The legend of the Black Queen describes the creation of the White River and the Black River, i.e. the creation of the sources of these rivers: “My tears will pour out in streams: my right eye for the black source of the Black River, and my left eye for the white source of the White River.” Putting the story aside, we owe the existence of the sources of these small karst rivers above all to the geological substrate of the area, since karst springs are formed at the places of faults, i.e. the contact of permeable and impermeable layers. The sources of the White River and the Black River are located in the area dominated by permeable rocks from the Jurassic period.
The White River springs from several smaller sources through the substrate made of gravel and sand and covered with rocks, which then merge into one stream.
The stream soon becomes surprisingly deep, which is not usual for a source stream, its depth exceeding 1 m. The reason for this change in depth is the existence of a dam almost 100 m downstream from the source. Also, the bottom at the part of the river before it reaches the dam is covered with fine white calcite sand, and there is the answer to the question how the White River got its name – precisely because of this calcite sand. It is also interesting to mention that on the left side of the stream, looking downstream, another smaller spring opens that is not covered with rocks, but with completely white sand. There, the water that is coming out creates bubbles that slowly lift the sand before flowing away freely.
Downstream from the artificial dam, the stream of the White River is shallow, fast and turbulent, with lots of pebbles. Further on its way towards the settlement of Plitvički Ljeskovac, the White River meanders, changing its depth and flow, and its bottom becomes increasingly covered with sand.
In the past, human impact on this watercourse was significant, with a lot of damming, creation of reservoirs, diversion of the stream and the like, all of which significantly affected the current appearance of the watercourse. In the source area of the river, the most common plant species are the creeping marshwort (Apium repens), the marsh-marigold (Caltha palustris) and the European speedwell (Veronica beccabunga). This interesting watercourse is in its downstream part also the habitat of a species new to the Republic of Croatia, the macroalga Hydrurus foetidus, which is normally a characteristic inhabitant of cold and clean mountain rivers.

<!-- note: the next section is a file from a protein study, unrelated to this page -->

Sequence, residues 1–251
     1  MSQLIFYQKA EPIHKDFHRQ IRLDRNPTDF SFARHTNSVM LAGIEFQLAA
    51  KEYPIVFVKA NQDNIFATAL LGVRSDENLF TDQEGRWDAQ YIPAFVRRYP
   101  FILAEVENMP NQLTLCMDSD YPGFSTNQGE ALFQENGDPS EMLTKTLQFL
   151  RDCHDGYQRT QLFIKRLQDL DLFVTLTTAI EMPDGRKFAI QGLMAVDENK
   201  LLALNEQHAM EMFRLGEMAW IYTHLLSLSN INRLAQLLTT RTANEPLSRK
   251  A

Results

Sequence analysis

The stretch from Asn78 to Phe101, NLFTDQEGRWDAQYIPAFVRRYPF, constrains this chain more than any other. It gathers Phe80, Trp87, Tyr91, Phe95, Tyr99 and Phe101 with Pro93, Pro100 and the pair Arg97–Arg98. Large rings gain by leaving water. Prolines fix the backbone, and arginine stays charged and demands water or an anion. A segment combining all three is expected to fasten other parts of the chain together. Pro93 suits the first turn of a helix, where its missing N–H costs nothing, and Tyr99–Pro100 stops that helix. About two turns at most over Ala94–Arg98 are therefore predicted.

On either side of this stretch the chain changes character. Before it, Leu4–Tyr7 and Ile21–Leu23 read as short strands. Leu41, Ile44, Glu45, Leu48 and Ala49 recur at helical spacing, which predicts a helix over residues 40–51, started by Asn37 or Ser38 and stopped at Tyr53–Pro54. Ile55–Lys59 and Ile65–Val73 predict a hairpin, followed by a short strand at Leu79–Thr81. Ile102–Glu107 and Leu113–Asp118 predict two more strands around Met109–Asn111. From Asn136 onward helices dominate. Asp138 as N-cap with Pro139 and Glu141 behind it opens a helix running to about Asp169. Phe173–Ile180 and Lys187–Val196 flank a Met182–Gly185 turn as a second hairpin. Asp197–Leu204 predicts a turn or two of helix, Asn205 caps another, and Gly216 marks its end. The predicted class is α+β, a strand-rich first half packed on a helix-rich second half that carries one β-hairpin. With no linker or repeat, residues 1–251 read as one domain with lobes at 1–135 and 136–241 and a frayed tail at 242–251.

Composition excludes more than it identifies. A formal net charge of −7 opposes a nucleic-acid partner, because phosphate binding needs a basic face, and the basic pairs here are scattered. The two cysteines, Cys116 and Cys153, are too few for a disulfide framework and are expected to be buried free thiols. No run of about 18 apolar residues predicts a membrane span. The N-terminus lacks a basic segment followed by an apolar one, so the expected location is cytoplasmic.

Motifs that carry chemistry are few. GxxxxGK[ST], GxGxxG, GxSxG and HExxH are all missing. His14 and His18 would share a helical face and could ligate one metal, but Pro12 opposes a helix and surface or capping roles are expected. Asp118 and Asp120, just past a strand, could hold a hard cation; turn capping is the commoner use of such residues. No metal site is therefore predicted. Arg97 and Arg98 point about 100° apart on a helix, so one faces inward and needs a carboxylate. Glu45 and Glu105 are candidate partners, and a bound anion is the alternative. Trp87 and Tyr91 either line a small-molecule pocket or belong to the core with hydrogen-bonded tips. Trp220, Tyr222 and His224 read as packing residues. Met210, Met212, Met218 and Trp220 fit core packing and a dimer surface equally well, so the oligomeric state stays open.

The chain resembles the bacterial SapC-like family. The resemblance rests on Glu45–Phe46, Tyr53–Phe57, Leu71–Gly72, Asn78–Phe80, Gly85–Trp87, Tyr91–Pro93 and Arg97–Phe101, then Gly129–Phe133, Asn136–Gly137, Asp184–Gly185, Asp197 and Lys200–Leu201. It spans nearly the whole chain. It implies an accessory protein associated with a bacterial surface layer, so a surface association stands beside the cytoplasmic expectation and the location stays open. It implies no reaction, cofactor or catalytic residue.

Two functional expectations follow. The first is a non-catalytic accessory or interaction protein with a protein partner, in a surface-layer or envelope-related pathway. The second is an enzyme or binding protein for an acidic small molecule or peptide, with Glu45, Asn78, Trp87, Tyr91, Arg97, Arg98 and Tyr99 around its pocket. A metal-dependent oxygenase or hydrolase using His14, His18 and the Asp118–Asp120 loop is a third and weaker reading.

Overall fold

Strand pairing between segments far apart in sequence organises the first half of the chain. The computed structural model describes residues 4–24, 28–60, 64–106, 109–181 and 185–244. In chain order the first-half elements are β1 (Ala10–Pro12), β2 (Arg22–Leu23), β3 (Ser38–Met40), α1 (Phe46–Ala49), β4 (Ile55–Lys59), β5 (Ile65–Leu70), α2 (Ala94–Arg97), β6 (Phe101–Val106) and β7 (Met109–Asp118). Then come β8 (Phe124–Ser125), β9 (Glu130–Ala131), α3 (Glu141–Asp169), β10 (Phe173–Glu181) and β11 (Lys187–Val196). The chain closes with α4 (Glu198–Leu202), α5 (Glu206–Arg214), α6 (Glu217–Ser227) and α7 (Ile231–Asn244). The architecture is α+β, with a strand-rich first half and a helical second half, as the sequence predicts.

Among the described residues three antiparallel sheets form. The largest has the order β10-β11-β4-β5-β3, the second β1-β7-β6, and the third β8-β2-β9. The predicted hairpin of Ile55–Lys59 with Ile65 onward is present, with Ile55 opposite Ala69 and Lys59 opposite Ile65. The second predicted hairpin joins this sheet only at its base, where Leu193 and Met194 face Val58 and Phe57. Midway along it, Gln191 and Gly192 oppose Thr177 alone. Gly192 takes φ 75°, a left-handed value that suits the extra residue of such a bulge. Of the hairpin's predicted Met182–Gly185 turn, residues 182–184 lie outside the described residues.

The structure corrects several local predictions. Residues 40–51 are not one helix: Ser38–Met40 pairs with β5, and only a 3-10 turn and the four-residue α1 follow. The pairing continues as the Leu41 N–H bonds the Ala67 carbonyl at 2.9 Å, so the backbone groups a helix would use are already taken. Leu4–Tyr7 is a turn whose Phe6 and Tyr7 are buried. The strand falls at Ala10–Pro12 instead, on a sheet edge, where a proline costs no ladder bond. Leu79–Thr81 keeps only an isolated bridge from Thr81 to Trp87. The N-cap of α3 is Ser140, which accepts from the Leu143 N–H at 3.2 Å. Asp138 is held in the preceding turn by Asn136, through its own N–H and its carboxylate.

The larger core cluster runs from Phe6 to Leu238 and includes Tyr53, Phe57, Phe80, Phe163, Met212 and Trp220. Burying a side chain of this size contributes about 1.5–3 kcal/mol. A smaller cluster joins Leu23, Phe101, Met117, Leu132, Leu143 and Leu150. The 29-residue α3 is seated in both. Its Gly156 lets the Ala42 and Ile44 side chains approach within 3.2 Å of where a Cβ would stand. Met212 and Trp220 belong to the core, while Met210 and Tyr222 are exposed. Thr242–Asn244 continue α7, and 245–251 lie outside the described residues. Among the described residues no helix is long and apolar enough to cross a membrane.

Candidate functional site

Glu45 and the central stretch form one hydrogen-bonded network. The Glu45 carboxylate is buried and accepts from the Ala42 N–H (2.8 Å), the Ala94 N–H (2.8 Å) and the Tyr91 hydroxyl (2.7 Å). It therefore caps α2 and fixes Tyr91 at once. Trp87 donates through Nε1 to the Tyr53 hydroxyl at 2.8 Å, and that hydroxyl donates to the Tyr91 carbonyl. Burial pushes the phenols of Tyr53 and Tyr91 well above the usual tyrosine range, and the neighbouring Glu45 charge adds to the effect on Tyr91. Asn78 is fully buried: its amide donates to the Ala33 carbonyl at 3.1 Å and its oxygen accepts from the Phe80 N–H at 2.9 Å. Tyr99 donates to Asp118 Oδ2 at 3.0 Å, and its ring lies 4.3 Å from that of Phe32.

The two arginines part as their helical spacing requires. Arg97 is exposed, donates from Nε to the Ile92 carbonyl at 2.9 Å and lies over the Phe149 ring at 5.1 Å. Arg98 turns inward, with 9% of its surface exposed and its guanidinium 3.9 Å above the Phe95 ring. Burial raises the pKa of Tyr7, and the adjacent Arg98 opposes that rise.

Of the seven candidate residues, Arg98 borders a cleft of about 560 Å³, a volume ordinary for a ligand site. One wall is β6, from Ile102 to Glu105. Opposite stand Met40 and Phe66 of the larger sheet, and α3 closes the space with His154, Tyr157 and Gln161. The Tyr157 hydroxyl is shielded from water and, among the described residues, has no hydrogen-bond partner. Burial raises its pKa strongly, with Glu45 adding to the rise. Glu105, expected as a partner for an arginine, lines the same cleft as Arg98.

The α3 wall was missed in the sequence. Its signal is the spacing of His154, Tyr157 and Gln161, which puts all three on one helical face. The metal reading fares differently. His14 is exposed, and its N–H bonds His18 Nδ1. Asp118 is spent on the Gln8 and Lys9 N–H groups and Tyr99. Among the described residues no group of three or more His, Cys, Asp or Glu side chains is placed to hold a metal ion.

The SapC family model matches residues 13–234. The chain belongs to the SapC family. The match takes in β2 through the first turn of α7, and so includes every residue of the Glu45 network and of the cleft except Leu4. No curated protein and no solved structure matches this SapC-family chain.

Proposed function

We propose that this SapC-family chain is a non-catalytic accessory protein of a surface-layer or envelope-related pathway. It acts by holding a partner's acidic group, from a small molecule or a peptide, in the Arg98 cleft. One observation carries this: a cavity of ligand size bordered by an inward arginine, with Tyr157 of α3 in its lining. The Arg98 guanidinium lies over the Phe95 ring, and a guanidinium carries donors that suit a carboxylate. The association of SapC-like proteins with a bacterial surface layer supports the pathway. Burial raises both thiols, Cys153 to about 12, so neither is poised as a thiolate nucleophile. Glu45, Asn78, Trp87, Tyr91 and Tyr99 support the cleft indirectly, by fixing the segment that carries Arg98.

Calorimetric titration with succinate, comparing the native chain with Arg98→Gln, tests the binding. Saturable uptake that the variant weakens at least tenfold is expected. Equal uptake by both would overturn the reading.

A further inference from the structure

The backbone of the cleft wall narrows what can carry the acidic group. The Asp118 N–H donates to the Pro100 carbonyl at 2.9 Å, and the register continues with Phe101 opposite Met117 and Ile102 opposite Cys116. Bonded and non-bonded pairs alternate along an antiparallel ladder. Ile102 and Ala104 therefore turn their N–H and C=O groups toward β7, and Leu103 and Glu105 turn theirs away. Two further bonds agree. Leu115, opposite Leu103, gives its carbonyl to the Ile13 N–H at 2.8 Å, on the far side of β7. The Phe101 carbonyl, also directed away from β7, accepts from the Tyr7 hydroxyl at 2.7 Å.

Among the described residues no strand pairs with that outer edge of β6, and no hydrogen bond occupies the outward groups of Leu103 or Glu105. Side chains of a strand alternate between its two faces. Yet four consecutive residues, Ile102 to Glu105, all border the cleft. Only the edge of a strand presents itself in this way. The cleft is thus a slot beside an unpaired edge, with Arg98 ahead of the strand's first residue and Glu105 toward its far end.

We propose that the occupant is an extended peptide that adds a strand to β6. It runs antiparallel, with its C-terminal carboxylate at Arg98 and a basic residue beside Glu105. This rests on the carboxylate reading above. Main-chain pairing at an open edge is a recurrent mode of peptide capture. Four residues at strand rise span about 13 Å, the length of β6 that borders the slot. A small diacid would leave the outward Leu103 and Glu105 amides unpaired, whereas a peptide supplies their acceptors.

The spring of the Black River is located under the high cliffs at the foot of the Kik mountain, at 670 m above sea level, deep in the forest, surrounded by beeches, spruces and firs. The substrate at the spring itself is made up of larger boulders, rocks densely covered with moss. When the water levels are high, and especially after the snow melts, the spring moves a few meters upstream. Unfortunately, we notice that in the last 10 years this happens extremely rarely. After leaving the spring, the stream passes through a notch and becomes turbulent and fast.
On its way downstream, it widens, meanders, becomes shallower then deeper again, while the substrate alternates between stony, gravelly and even sandy. In many places, the stream is intersected by various trees brought down over the Black River after the end of their lifetime or due to adverse weather conditions.
About 2 km downstream from the spring, just before the bridge, a mill found its place at some point in the past, probably at the end of the 19th century.
Given that the Black River flows through a completely uninhabited and almost untouched forest area for its whole length, its entire stream is significantly shaded, which also affects the development of plant and animal species in the river. Surely that’s where the name Black River comes from. At the same time, in the watercourse itself there are mosses that like the shade, namely Palustriella commutata, a moss species important for the lake area too, because it participates in the tufa formation process, i.e. in the formation and growth of tufa barriers. In addition to this moss species, there are also animals who found their habitat in the Black River – namely a species of crustaceans, Rivulogammarus, belonging to the order of crustaceans smaller than 10 mm (Amphipoda), and beetles of the genus Riolus. Of course, in addition to these organisms, the Black River is a habitat of numerous representatives of freshwater fauna such as mayflies (Ephemeroptera), caddisflies (Trichoptera), stoneflies (Plecoptera) and flies (Diptera).
At the end, let us point out that the names of these rivers are fully justified; the White River owes its name to the specific sandy substrate of its source and parts of its watercourse, and the Black River to the wooded area it flows through and the mosses that cover its bottom. However, if we were to reveal that the White River had a completely different name on the maps from the 19th century (Vrbovska River, “vrba” meaning “willow” in Croatian), this would certainly create space for a new story!